Japanese titles WriterTeinosuke Kinugasa, Yasunari Kawabata, Banko Sawada, Minoru Inuzuka Release date24 September 1926 (1926-09-24) Initial releaseSeptember 24, 1926 (Japan) CastMasuo Inoue (Custodian), Yoshie Nakagawa (Custodian's wife), Ayala Iijima (Daughter), Misao Seki (Doctor), Minoru Takase (Crazy Man A), Tetsu Tsuboi (Crazy Man C) ScreenplayTeinosuke Kinugasa, Yasunari Kawabata, Minoru Inuzuka, Banko Sawada Similar moviesThe Last Samurai, Kill Bill: Vol. 1, Rising Sun, 13 Assassins, Why Don't You Play in Hell?, The Bridge on the River Kwai
Dance riot in the asylum a page of madness 1926
A Page of Madness(狂った一頁,Kurutta Ippēji or Kurutta Ichipeiji) is a silent film by Japanese film director Teinosuke Kinugasa, made in 1926. It was lost for forty-five years until being rediscovered by Kinugasa in his storehouse in 1971. The film is the product of an avant-garde group of artists in Japan known as the Shinkankakuha (or School of New Perceptions) who tried to overcome naturalistic representation.
Yasunari Kawabata, who would win the Nobel Prize for Literature in 1968, was credited on the film with the original story. He is often cited as the film's screenwriter, and a version of the scenario is printed in his complete works, but the scenario is now considered a collaboration between Kawabata, Kinugasa, Banko Sawada, and Minoru Inuzuka. Eiji Tsuburaya is credited as an assistant cameraman.
A page of madness kurutta ippeji 1926 japanese silent film
The film takes place in an asylum, in the countryside. Amid a torrential rainstorm, a janitor wanders through the halls revealing the various patients suffering from mental illness. The next day, a young woman arrives at the asylum and is surprised to see her father, the janitor, working there. Her mother is an inmate in the asylum, and she had gone insane due to the cruelty of her husband when he was a sailor. The janitor, feeling guilty, had taken a job at the asylum to take care of her. The daughter announces that she is about to get married to a fine young man, but the janitor begins to worry, since society at the time still maintained the prejudiced view that mental illness is inherited. If the young man's family learns about the mother, the marriage might be called off.
At work, his relationship with his wife, which is not known to the asylum, interferes with his job, as he gets into a fight with some male inmates when his wife his hit, and is sternly scolded by the head doctor. All this sparks the janitor to experience a number of fantasies, as he slowly loses control of the border between dreams and reality. He first has a daydream about winning a chest of drawers at a lottery that he could give to his daughter as part of her dowry. When his daughter comes to tell him her marriage is in trouble, he thinks about taking his wife away from the asylum so as to hide her existence. Finally, he fantasizes about killing the head doctor, but that reverie goes out of hand as a bearded inmate is seen marrying his daughter. The janitor finally dreams of distributing masks to the inmates, providing them at last with happy faces. He returns to work mopping the floors, no longer able to visit his wife's ward because he had lost the keys. He sees the bearded inmate pass by, who bows to him for the first time, as if bowing to his father in law.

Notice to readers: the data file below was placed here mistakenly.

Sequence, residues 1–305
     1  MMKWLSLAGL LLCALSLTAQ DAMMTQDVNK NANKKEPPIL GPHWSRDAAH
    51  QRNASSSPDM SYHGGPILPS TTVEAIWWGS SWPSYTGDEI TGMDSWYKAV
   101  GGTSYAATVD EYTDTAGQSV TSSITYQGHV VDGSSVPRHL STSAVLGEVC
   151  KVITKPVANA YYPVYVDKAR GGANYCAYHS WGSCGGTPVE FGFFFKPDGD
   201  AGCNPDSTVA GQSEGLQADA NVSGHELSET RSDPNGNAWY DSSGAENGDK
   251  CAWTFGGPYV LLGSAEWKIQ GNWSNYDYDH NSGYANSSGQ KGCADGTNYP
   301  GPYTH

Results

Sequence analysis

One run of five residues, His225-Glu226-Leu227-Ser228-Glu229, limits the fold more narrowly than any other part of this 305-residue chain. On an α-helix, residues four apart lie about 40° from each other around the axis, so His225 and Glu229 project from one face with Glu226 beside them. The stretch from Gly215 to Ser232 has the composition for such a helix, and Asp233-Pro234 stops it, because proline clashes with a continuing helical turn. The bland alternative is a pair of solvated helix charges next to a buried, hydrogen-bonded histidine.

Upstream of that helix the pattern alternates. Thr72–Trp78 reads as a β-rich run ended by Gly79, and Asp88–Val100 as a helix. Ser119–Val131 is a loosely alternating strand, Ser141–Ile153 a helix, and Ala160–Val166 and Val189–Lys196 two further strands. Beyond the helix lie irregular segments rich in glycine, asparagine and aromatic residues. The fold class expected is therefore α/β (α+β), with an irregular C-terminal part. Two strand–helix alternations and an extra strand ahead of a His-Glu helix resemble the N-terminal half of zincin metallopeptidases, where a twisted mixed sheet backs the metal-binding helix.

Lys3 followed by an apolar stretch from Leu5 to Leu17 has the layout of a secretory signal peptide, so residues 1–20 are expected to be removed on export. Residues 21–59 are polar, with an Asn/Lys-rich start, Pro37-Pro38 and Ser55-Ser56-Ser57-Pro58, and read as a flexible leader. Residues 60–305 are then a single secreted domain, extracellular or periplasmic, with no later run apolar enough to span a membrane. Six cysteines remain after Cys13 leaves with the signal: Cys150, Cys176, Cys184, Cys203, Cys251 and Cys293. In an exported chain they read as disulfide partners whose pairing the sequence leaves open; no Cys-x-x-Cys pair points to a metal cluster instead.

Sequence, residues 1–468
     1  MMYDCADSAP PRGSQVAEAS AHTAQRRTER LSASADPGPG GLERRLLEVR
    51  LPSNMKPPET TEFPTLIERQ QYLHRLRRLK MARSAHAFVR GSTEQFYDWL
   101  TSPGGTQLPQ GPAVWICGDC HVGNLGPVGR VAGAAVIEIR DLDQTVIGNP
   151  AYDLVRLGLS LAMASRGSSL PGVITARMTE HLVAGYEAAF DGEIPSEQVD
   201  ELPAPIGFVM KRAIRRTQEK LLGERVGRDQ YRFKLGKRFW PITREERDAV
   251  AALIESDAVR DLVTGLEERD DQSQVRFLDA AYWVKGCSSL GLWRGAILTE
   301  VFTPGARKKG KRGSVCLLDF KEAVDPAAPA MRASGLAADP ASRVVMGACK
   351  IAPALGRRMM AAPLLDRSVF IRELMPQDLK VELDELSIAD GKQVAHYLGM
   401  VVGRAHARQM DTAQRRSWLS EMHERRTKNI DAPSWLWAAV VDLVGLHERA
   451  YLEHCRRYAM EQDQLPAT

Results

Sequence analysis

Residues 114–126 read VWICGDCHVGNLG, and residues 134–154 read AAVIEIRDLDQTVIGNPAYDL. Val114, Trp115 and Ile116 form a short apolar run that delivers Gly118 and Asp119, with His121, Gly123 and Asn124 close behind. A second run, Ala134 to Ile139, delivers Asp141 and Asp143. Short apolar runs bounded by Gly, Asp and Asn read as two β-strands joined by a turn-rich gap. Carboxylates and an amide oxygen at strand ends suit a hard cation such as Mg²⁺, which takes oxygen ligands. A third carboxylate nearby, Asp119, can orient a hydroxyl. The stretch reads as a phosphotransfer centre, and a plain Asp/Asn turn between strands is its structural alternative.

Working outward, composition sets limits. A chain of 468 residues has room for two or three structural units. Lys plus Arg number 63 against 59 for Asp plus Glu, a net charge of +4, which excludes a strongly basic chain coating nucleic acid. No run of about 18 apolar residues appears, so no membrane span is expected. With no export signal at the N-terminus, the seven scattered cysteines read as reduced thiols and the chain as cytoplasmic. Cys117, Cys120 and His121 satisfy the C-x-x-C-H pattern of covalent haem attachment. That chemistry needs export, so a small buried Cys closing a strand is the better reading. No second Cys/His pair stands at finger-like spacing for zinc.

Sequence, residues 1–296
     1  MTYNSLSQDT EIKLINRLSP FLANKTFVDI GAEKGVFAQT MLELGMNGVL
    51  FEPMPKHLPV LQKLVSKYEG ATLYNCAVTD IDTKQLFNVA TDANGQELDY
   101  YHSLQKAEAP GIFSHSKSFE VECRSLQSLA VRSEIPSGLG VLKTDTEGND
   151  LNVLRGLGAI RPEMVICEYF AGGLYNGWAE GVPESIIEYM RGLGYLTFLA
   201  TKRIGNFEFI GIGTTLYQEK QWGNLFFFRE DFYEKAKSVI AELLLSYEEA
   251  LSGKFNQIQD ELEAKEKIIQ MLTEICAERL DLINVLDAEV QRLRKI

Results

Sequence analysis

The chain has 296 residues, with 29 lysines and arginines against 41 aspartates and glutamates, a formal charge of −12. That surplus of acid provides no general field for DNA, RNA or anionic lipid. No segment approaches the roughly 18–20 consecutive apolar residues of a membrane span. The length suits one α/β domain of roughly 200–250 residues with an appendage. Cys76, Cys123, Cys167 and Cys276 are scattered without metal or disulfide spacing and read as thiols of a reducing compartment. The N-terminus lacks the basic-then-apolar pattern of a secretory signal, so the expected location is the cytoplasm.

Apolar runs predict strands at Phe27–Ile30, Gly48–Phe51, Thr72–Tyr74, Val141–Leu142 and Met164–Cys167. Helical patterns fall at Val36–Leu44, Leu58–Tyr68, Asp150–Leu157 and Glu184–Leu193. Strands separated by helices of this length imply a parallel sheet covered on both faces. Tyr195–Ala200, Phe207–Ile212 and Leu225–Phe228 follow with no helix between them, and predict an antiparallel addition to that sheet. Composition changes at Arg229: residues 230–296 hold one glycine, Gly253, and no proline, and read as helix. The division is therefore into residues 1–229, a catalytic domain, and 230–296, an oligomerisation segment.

The film does not contain intertitles, making it difficult to follow. The print existing today is missing nearly a third of what was shown in theaters in 1926. Showings in 1920s Japan would have included live narration by a storyteller or benshi (弁士) as well as musical accompaniment. The famous benshi Musei Tokugawa narrated the film at the Musashinokan theater in Shinjuku in Tokyo.
Masao Inoue as the custodian
Ayako Iijima as the custodian's daughter
Yoshie Nakagawa as the custodian's wife
Hiroshi Nemoto as the fiancé
Misao Seki as the chief doctor
Minoru Takase as patient A
Eiko Minami as the dancer
Kyosuke Takamatsu as patient B, the bearded inmate